Kashmir Restrictions and Threats Have Upset the Jammu Apple Cart, Say Traders
Supply from the Valley to the Jammu fruit mandi has dropped by 90% following the removal of J&K’s special status last month, say traders, as most apple growers are not plucking the yield and militant groups have also issued threats to the business.
Representative Image. (Reuters)
Jammu: It is the season of apples. The Jammu fruit mandi, one of the premier markets of its kind in India, would daily receive, on an average, 400 trucks — which is around 2,40,000 boxes of apple. But now, locals say about 40 trucks get unloaded a day – there is a 90 per cent decline in supply.
“This is for the first time in many decades that we are witnessing such a drop,” said Parveen Kumar Gupta, president of the Jammu fruit association.
There are 385 businessmen in the Jammu fruit mandi who receive apples from Kashmir between August and December. September to October is the peak season.
However, after the central government stripped Jammu and Kashmir of its special status on August 5 and restructured the state into two union territories, life in Kashmir has been unsettled.
Initially there were curfew-like restrictions in most parts of the Valley. Later, the government eased the lockdown. Now, life is limping back towards normalcy. Internet and mobile telephony is still curtailed in the Valley. In Jammu, mobile internet remains snapped.
In Kashmir, most of the apple growers are not plucking the yield which is ripe. At places, jihadi groups have allegedly issued threats to growers and buyers. The over Rs 8,000-crore apple industry, which is considered the backbone of Kashmir economy, remains badly hit.
Authorities said this month that apples cultivated in Jammu and Kashmir will be procured directly from farmers by the government-run National Agricultural Cooperative Marketing Federation of India (NAFED) and the entire process will be completed by December 15. The announcement came close on the heels of terrorists threatening some apple growers not to sell their produce in the market following the abrogation of J&K’s special status.
However, fruit traders in Jammu, who mostly rely on the apple business, are worried.
“The traders of our mandi alone have lent around Rs 200 crore to the apple growers in the Valley,” Gupta told News18, while sitting in his office in Jammu fruit mandi.
The market used to be crowded on a typical day in the apple season. But this time, it looks half-empty and the buzz is missing. Gupta, who has been in the apple trade for decades, says he has never faced such a situation.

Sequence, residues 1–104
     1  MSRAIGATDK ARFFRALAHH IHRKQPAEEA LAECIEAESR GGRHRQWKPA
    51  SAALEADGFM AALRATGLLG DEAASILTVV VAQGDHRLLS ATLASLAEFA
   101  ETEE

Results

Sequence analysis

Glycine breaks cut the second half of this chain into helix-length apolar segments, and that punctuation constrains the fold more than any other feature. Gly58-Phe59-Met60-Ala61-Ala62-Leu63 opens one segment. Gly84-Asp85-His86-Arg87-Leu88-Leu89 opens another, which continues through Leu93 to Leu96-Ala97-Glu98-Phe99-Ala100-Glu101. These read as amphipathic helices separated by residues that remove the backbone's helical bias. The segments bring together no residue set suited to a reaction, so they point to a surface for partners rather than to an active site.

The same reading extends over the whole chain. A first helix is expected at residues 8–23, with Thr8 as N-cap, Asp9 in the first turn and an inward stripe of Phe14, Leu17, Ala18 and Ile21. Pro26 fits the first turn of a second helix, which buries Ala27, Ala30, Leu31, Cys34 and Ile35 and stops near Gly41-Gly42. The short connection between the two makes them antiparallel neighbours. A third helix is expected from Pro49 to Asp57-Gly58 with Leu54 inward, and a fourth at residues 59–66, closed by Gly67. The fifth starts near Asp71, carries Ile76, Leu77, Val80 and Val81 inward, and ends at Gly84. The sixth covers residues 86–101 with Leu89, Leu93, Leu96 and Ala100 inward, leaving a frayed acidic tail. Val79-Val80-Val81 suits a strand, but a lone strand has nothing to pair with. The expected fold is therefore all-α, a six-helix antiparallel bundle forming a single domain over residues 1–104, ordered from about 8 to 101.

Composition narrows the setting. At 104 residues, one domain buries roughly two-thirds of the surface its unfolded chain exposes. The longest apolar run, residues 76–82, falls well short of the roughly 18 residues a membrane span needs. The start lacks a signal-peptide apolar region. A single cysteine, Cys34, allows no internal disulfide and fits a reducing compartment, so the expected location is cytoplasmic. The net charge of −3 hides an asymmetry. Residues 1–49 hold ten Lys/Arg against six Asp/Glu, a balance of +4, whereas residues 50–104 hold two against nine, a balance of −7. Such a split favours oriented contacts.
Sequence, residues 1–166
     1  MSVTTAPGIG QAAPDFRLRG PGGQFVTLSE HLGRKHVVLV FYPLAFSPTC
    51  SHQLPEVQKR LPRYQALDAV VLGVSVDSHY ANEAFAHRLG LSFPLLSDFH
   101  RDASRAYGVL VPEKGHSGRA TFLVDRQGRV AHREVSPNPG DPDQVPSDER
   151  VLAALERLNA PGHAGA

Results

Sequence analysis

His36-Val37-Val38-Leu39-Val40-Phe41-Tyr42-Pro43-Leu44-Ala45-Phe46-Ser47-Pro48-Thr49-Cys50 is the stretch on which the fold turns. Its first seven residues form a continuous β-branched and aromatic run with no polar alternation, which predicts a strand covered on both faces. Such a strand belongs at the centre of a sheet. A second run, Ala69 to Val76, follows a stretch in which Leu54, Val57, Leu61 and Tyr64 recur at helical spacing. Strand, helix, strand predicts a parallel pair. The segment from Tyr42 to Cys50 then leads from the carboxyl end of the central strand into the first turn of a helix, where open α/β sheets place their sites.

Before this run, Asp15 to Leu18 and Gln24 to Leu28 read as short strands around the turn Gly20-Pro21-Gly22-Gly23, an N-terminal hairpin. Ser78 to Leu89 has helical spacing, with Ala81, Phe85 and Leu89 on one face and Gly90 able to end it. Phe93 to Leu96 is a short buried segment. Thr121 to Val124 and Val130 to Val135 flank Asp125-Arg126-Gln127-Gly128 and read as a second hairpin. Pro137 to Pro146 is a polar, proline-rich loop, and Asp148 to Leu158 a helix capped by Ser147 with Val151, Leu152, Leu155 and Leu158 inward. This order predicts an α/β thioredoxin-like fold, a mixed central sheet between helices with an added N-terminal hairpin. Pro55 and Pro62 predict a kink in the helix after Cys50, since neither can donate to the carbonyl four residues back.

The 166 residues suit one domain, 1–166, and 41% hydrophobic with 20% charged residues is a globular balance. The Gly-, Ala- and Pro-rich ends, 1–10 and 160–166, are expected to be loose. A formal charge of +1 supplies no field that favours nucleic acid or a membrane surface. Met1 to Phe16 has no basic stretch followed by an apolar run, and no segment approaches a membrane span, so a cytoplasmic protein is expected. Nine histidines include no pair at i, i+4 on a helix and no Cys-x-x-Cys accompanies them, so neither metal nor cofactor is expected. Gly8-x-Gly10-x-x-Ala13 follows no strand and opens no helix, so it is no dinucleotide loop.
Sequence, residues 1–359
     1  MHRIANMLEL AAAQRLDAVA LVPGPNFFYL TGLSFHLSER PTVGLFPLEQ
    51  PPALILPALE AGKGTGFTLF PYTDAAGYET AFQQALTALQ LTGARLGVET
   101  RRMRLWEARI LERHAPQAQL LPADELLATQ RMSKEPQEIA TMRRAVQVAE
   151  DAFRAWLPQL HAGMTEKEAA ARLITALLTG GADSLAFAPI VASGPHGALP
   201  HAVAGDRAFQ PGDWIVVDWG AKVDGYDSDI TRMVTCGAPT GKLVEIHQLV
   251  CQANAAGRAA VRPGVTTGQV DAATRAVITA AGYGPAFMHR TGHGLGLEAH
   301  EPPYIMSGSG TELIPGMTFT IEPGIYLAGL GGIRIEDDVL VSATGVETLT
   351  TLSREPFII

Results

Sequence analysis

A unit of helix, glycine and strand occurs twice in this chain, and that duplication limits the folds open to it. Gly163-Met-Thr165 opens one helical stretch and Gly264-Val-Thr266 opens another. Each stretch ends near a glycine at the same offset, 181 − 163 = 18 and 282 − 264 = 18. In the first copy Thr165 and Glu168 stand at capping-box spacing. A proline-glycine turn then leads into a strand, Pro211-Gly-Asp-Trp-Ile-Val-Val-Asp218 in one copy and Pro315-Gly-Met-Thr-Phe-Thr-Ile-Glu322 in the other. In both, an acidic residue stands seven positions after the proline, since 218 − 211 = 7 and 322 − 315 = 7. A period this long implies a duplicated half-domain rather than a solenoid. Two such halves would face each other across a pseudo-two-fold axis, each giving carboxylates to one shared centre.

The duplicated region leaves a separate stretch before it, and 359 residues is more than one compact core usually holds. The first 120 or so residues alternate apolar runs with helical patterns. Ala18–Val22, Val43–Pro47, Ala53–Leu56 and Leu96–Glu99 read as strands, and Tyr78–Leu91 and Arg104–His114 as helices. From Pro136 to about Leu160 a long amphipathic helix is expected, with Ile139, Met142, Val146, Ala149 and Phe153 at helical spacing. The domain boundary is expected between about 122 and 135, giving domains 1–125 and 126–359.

“Usually, during this season I would get free after 12 to 14 hours. This year, I am sitting in the office the entire day,” said Gupta, who is a third-generation apple trader and has been heading the Jammu fruit association for the past twenty years.
The Jammu mandi is not a consumer market. But most of the apple traders are commissioning agents, who lend money to fruit growers in Kashmir and later sell the crop to the other fruit markets in and outside India.
As time is running out, the businessmen are anxious about their money because apple has a limited shelf life.
“The growers are not sending the crop. It can be disastrous,” said Gupta. “If the apples are not dispatched to markets within fifteen days after the fruit is ripe, it will rot. We will lose the crop.”
If that happens, the businessmen say, they are staring at economic disaster.
“The money which we lent to the growers is mostly from bank loans. This time, our interest amount is going up. If things go on like this, we can de declared non-performing assets (NPAs) by the bank,” Gupta said.
The traders say that some growers who have already taken advance money may sell their crop to NAFED.
“We conveyed to the governor-led administration that we have put advance money in the market and NAFED is going to affect the business,” Gupta said.
The drastic decrease in supply of apple has affected the livelihood of hundreds of labourers as well. Vishal Kumar, 20, used to unload the apple trucks at the market. On a normal day in the peak season, he would earn Rs 1,500 on an average.
“This season would enable me to help my family and sustain in other months, when I do odd jobs,” said Kumar, a resident of Jammu’s Qasim Nagar area.
There are around 3,000 people who have permanent jobs at the mandi. But due to the prevailing situation, Gupta says, most of them might lose their employment. The Jammu trade, by and large, is sustained by the Kashmir market. Most manufacturing units are in Jammu but the consumer market is largely in the Valley.
“We have state intra-dependent trade in Jammu and Kashmir,” explained Rakesh Gupta, president of the Jammu Chamber of Commerce and Industries.
He added that they have not assessed the loss Jammu business has suffered because of the situation in Kashmir. But, he says, the amount is in thousands of crores.
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